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Role and impact of multimodal prehabilitation for gynecologic oncology patients in an Enhanced Recovery After Surgery (ERAS) program
  1. Ester Miralpeix1,
  2. Gemma Mancebo1,
  3. Sonia Gayete1,
  4. Marta Corcoy2 and
  5. Josep-Maria Solé-Sedeño1
  1. 1Department of Obstetrics ad Gynecology, Hospital del Mar, Barcelona, Spain
  2. 2Department of Anesthesia, Hospital del Mar, Barcelona, Spain
  1. Correspondence to Mrs Ester Miralpeix, Department of Obstetrics and Gynecology, Hospital del Mar, Barcelona E-08003, Spain; ester.miralpeix{at}


Patients undergoing major surgery are predisposed to a decrease in functional capacity as a response to surgical stress that can delay post-operative recovery. A prehabilitation program consists of patient preparation strategies before surgery, and include pre-operative measures to improve functional capacity and enhance post-operative recovery. Multimodal prehabilitation may include exercise, nutritional counseling, psychological support, and optimization of underlying medical conditions, as well as cessation of unfavorable health behaviors such as smoking and drinking. Currently, there are no standardized guidelines for prehabilitation, and the existent studies are heterogeneous; however, multimodal approaches are likely to have a greater impact on functional outcomes than single management programs. We have reviewed the literature on prehabilitation in general, and in gynecologic surgery in particular, to identify tools to establish an optimal prehabilitation program within an Enhanced Recovery After Surgery (ERAS) protocol for gynecologic oncology patients. We suggest a safe, reproducible, functional, and easy-to-apply multimodal prehabilitation program for gynecologic oncology practice based on patient-tailored pre-operative medical optimization, physical training, nutritional counseling, and psychological support. The analysis of the prehabilitation program implementation in an ERAS protocol should undergo further research in order to test the efficacy on surgical outcome and recovery after surgery.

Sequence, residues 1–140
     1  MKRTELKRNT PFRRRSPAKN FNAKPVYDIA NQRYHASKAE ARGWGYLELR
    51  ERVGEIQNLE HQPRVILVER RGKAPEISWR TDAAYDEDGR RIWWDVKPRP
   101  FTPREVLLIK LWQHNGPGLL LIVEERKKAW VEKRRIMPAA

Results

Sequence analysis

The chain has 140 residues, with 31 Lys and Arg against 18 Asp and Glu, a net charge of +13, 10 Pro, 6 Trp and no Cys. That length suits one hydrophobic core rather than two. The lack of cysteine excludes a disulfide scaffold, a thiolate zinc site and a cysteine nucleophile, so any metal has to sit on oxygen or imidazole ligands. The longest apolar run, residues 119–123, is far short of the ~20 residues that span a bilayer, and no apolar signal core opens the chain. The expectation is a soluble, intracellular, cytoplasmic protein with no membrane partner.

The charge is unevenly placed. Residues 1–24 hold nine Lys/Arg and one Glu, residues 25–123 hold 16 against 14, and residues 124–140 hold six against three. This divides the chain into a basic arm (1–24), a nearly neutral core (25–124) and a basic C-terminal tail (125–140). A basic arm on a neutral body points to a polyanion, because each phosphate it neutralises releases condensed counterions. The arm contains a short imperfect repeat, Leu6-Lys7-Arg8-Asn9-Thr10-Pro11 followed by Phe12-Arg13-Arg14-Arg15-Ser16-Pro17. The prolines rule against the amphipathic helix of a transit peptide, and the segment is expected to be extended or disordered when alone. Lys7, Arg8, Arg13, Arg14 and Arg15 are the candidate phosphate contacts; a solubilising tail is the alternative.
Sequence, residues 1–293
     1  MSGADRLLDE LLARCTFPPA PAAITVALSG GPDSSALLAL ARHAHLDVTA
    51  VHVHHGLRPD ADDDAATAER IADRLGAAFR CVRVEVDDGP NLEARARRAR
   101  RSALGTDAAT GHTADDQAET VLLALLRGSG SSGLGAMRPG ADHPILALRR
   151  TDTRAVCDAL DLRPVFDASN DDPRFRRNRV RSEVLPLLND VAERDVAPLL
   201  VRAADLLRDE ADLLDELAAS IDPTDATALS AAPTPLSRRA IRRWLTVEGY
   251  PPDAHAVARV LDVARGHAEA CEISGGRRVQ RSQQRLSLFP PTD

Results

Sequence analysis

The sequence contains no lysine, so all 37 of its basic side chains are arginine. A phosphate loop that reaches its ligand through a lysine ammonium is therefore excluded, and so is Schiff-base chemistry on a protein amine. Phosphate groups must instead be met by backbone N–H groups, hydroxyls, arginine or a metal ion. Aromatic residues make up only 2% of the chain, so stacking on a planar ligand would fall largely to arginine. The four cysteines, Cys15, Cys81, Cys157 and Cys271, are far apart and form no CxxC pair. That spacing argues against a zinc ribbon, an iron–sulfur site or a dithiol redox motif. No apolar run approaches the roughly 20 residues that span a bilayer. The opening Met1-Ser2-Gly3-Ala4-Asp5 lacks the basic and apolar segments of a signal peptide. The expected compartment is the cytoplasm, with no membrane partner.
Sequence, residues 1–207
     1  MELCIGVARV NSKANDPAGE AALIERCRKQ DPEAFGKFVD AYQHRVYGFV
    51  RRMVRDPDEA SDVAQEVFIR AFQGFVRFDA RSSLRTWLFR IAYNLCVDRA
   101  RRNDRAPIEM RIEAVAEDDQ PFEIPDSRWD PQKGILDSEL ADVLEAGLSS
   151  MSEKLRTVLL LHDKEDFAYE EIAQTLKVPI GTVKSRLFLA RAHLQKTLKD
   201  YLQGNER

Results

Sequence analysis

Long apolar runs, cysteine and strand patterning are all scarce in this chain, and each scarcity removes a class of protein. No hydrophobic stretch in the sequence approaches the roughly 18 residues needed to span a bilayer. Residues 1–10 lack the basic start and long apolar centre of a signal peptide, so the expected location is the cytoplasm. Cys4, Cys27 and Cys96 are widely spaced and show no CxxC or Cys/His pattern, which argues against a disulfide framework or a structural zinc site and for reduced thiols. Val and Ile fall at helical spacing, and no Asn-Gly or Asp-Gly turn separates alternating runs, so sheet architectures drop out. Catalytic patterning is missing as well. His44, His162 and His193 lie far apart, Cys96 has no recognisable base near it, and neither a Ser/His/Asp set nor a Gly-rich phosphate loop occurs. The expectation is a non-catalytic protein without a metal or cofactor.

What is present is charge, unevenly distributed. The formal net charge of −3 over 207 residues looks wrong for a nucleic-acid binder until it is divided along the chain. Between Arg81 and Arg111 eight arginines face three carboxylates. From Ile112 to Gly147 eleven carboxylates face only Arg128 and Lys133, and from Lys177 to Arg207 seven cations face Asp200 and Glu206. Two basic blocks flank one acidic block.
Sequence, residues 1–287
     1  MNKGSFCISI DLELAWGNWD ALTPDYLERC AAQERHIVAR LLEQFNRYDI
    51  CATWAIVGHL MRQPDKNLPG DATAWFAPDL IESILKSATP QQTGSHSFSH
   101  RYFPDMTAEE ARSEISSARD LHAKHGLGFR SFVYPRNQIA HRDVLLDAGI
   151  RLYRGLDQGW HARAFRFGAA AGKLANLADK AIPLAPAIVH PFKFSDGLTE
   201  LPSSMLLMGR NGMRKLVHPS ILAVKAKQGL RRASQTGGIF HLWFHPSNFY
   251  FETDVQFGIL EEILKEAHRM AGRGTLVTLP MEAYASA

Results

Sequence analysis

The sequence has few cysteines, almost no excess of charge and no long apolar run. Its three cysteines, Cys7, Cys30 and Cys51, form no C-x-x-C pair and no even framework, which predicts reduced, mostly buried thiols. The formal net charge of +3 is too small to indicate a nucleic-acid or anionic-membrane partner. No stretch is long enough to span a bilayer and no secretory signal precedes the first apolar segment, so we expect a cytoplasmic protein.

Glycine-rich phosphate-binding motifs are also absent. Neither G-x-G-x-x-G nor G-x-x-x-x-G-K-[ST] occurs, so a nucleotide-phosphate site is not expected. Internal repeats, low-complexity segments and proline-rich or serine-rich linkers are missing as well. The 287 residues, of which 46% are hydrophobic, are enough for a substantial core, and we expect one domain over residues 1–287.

• Postoperative complications
  • Surgical Oncology
  • Postoperative Care
  • Preoperative Care
  • Surgery

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  • Contributors EM, MC and GM conceived the idea for the study. EM, JMS and GM established the methodology. EM and SG wrote the article and conducted the literature examination. All authors were responsible for the writing, critical review, and final approval of the manuscript.

  • Funding The authors have not declared a specific grant for this research from any funding agency in the public, commercial or not-for-profit sectors.

  • Competing interests None declared.

  • Patient consent for publication Not required.

  • Provenance and peer review Not commissioned; externally peer reviewed.